Zac Efron and Jeremy Allen White turned heads this year when fans noticed they packed on pounds of muscle for their A24 wrestling drama “The Iron Claw,” which is based on the lives of the Von Erich brothers.
Efron, Allen and the rest of the cast put in serious work to look the part for the film — but once they gained that muscle, how did they perfect those wrestling moves? Chavo Guerrero, Jr., former pro wrestler and stunt coordinator on “The Iron Claw,” speaks with Variety to unpack the actors’ intensive training process.
After communicating with director Sean Durkin about his vision for the film, Guerrero began by acquainting the actors with the wrestling ring and the fundamentals of the sport. Guerrero, who also trained the stars of the Netflix series “Glow,” always asks actors what experience they have with wrestling or adjacent combat sports.
“I’ll take what they already know through amateur wrestling or boxing because the footwork is very similar,” he said. “And then I also ask if they’ve had any theater experience. Because that’s kind of what we’re doing in the ring … It’s a four-sided theater as opposed to just one side. So if they have that then I start explaining to them, ‘You already know how to wrestle — you just don’t know you know yet.’”
Guerrero would always encourage “The Iron Claw” actors to slow down when it came time to be in the ring with a real audience watching them. He recently experienced a proud mentor moment when White made an incisive comment about the art of wrestling in an interview.
“[Jeremy] was explaining to the interviewer that sometimes the moments in between the moves are more important than the actual moves in the choreography,” Guerrero says.
He details a standout memory from set when Efron had to execute a cross-body move in which he jumped onto Guerrero from the top rope of the ring. Guerrero offered the actor an important piece of advice: the higher he jumped, the easier it would be to pull off, since the hang time would allow them time to locate each other and land correctly.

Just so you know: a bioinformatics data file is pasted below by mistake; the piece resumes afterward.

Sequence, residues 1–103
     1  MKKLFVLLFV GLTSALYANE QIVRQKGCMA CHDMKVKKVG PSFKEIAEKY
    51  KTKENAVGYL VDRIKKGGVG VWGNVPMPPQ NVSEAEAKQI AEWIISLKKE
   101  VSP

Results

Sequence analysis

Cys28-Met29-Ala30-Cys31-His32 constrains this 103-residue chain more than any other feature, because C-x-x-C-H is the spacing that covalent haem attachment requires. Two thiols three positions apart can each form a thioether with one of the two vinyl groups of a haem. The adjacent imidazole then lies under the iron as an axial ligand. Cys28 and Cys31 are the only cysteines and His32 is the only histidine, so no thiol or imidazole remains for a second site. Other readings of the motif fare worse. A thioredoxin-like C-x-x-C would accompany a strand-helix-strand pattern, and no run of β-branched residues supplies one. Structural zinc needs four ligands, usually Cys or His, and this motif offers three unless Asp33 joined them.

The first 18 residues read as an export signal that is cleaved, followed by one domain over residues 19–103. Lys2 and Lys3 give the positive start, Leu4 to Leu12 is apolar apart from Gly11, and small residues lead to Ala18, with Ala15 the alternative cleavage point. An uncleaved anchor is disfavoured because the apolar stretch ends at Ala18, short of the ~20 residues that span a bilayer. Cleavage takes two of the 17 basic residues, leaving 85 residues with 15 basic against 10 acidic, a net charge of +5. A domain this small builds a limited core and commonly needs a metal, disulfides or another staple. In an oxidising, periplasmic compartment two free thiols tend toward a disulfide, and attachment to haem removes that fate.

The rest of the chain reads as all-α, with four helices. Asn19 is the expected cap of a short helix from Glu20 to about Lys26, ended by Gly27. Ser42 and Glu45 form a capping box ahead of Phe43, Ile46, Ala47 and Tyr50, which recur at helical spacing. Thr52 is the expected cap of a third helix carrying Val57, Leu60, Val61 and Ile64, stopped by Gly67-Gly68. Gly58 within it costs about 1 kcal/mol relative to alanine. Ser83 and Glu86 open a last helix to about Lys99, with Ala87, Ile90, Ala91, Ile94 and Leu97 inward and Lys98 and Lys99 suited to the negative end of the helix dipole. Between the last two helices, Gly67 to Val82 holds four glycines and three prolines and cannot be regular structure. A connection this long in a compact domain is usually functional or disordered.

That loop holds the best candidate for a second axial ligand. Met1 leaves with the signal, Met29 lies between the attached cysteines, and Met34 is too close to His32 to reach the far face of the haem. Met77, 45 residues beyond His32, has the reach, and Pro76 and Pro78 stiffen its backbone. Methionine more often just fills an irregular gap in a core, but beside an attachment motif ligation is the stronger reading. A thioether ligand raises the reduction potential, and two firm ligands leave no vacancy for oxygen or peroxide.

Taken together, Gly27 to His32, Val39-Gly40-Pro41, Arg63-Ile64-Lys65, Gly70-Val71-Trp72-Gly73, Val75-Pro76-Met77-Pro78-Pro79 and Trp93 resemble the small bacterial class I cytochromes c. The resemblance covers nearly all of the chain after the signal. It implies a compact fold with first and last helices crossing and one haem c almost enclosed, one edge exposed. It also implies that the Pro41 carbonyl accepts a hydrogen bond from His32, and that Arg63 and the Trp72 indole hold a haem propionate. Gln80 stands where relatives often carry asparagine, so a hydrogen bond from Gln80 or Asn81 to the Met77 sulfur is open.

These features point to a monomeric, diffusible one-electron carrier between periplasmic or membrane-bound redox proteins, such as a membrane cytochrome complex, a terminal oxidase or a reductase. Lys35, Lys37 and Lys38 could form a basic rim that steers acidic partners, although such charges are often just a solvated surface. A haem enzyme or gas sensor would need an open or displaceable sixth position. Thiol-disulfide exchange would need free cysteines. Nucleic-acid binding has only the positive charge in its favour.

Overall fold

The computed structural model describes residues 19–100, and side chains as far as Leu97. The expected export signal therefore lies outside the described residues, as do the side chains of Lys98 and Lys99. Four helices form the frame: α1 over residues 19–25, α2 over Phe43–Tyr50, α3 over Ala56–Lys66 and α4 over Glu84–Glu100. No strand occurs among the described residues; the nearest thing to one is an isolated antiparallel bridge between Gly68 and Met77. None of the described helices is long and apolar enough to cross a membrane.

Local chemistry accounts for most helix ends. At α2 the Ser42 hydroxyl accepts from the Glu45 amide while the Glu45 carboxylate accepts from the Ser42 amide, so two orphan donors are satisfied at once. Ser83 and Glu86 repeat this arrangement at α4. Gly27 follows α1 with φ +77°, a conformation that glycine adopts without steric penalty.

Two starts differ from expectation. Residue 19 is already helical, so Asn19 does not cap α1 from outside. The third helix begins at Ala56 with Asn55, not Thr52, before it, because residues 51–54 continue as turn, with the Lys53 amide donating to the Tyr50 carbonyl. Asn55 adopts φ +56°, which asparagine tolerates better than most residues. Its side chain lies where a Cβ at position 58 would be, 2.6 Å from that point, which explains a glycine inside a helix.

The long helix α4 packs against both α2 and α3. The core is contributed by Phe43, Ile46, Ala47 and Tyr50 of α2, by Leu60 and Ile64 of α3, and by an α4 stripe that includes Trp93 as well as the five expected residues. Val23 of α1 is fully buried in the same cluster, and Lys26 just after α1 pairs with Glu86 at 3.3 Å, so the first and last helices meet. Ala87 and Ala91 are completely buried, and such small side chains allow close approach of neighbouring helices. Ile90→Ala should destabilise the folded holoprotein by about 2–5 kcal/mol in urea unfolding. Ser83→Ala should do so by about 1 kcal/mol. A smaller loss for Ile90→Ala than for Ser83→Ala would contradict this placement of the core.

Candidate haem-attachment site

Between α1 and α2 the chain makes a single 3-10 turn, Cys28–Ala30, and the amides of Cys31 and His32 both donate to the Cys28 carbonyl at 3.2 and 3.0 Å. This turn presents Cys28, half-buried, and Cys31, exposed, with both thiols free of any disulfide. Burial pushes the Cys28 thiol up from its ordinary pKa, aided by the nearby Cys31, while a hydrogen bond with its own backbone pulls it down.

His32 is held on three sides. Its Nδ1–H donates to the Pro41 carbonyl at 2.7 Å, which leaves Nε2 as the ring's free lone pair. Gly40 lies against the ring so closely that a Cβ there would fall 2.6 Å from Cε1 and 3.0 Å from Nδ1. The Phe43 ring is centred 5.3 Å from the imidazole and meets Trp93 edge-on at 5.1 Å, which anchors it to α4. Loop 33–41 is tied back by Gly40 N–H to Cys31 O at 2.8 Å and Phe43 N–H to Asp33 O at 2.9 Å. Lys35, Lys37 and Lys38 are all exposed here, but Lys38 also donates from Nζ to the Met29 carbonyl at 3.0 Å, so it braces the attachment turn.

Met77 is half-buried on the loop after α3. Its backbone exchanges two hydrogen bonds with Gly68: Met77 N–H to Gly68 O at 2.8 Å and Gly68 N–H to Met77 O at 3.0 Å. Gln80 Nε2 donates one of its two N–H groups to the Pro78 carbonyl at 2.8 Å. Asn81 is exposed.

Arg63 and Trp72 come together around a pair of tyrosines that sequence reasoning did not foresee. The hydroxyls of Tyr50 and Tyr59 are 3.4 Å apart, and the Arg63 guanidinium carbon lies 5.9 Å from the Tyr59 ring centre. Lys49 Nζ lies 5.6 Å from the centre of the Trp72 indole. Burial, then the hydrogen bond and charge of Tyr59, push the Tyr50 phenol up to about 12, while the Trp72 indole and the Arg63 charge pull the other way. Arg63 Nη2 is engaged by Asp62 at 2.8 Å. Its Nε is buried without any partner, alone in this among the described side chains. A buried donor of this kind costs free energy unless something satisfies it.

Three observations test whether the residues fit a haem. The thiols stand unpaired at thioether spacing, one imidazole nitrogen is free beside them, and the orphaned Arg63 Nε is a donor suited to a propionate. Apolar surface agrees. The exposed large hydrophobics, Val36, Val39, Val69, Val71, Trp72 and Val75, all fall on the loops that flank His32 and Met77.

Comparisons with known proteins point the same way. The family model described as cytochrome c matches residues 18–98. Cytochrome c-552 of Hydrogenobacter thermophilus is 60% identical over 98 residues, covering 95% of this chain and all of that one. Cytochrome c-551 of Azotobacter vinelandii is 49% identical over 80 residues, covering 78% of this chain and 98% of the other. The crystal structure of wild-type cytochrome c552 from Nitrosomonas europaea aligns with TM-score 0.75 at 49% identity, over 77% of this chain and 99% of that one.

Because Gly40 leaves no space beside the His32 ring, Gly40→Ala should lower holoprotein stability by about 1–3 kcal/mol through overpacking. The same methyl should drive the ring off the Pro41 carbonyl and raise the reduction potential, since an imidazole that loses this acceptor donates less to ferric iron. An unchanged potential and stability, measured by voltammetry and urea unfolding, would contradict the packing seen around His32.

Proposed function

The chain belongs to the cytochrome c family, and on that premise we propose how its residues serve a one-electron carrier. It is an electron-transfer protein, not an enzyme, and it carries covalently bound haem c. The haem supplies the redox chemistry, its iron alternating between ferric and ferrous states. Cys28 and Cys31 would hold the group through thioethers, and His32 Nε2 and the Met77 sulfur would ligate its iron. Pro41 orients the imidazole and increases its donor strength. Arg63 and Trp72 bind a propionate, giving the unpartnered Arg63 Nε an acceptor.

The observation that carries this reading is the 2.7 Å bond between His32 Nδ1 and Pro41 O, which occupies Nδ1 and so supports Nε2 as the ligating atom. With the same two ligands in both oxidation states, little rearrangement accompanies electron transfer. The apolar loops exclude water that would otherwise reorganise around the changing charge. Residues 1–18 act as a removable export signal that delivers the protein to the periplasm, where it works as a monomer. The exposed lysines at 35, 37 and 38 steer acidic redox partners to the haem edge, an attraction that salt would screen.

“It was really cool to see an actor trust me with his body in a sense,” Guerrero says.
The former WWE wrestler explained that everyone on set pushed each other to be better; the actors and Guerrero himself were inspired by Efron’s dedication to the role of Kevin Von Erich.
“Zac was a machine,” he says. “We’d be in the ring and he would go, ‘Hold on let me get this meal in’ and he’d get a quick ready meal in and then he’d come back in the ring. And then an hour later, he’d be like, ‘Oh, let me throw down a protein shake.’ So then you have competitiveness between the actors, too. Jeremy was just saying that he saw Zac take off his shirt in the ring and he’s like, ‘Oh, man, I gotta step it up.’”
Guerrero had the same reaction as White: “I saw Zac and I was like, ‘Wow, okay.’”
Each actor brought different natural abilities to the ring, Guerrero explains. “They all have something they’re really good at, so I’ll work with that. Harris [Dickinson] had done some boxing before,” he says. “They have different approaches to it. Jeremy would sit and ponder in his head and kind of visualize it, and then he’d just be ready to go and do it. Zac, I would walk through it more. He had more of that dance background from ‘High School Musical.’ That’s what he was used to.”
Efron’s “High School Musical” training ending up working in his advantage: “He was like, ‘Yeah, I really wasn’t a dancer before that, and I kind of learned how to do that.’ So I would incorporate that into the pro wrestling moves and choreography, like, okay, well, footwork — same thing. And I would start explaining that to him, and that helped them understand what pro wrestling is.”
Guerrero looks back fondly on “The Iron Claw” experience, commending the actors for their work ethic: “This is really my first big, huge feature film. [The actors] weren’t like prima donnas … They were serious. They brought the realism every time. It was really, really great to see.”